Friday, December 19, 2008
The Party Never Ends
Image by @robynmcintyre
If you're new to social media, you're going to hear a lot from people about "maximizing your return" and using SEO, and lots of other stuff that won't make sense to you for some time. My advice? Ignore it. Ignore all of it for a while. The most important thing about coming to the social media party is to connect with others by building community. Sure, being able to measure your success is important, but without community, you've got nothing to measure. And trying to use a lot of different tools and methodologies you don't yet understand will only make things more
difficult and may even cause some of you to become overwhelmed and throw up your hands and walk away. Those tools and methdologies will still be there when you're ready for them and many new ones will have been invented. When you're more comfortable with social media, you'll be better able to evaluate what will make the most sense for you and your nonprofit.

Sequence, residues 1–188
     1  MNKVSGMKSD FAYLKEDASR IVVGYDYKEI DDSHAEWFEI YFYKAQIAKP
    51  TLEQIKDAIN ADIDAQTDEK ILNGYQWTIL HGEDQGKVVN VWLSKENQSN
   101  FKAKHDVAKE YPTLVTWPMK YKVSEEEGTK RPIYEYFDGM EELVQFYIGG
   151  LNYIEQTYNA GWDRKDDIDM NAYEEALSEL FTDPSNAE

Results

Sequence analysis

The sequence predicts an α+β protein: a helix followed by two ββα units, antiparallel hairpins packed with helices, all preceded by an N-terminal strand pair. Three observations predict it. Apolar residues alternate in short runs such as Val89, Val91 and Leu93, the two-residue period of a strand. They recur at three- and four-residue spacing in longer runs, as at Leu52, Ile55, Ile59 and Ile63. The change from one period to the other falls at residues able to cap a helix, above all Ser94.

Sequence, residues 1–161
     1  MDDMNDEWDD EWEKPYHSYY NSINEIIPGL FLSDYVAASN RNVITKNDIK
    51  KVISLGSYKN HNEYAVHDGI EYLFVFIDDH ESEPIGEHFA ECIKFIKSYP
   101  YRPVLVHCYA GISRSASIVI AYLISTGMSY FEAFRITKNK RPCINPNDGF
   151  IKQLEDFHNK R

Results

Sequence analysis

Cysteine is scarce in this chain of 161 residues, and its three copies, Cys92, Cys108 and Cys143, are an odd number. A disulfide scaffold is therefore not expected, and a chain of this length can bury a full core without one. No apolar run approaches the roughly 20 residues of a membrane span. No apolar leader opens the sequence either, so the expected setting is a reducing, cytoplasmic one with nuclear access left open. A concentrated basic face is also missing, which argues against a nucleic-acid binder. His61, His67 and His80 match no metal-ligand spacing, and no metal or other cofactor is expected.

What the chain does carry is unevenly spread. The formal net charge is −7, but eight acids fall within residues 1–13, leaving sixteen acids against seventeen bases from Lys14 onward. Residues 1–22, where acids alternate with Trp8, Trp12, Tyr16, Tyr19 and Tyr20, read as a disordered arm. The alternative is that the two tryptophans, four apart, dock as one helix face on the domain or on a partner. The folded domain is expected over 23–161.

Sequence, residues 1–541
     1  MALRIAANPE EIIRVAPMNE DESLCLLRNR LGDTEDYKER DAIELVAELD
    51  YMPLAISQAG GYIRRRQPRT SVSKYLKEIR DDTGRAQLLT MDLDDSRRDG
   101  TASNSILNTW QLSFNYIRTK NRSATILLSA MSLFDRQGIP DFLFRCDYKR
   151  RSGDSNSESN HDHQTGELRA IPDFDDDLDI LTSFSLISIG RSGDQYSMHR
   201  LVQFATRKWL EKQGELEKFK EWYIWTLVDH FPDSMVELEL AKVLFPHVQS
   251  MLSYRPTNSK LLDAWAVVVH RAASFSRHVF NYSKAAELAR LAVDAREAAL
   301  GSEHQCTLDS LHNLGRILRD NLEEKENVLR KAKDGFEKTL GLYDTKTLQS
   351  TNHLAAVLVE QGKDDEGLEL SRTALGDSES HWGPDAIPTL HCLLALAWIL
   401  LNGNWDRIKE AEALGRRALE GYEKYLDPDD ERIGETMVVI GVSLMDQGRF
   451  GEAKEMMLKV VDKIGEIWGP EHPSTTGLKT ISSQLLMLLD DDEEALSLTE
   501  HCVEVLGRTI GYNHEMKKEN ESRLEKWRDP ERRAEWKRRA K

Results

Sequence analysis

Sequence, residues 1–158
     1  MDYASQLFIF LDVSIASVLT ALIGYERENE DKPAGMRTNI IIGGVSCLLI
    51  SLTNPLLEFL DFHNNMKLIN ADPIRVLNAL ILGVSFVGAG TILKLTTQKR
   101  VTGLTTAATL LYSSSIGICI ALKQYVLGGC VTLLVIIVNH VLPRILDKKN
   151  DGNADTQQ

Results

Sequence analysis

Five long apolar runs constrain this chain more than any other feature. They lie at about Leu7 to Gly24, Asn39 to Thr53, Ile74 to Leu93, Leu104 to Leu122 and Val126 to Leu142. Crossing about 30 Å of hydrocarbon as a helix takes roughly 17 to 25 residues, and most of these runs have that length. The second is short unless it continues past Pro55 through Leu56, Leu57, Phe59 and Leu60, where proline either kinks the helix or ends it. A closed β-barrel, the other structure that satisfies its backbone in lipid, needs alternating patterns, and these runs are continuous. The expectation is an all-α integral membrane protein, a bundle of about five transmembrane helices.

I saw a great video today that came to me via Twitter and @portentint (Ian Lurie). It was about how electronic text and the changing definitions of electronic form and content have made the internet all about conversation and collaboration. I'm including it here because (even though the content is a little technical) it's a great illustration of one of the reasons why social media has become such a big deal.
Yes, it's important to your mission that your nonprofit should be part of the conversation. But that doesn't mean you should be in the middle of everything all at once or have to try to make sense of dozens of people speaking to you simultaneously in what amounts to a foreign language. Reach out a little and listen a little - gain a little confidence. When you're ready, the party will welcome you.
PS: I won't be back before the 25th, so whatever your celebrations or lack of them, please take care of yourself and I'll talk with you again after Christmas.
Web 2.0 ... The Machine Is Us/ing Us - video powered by Metacafe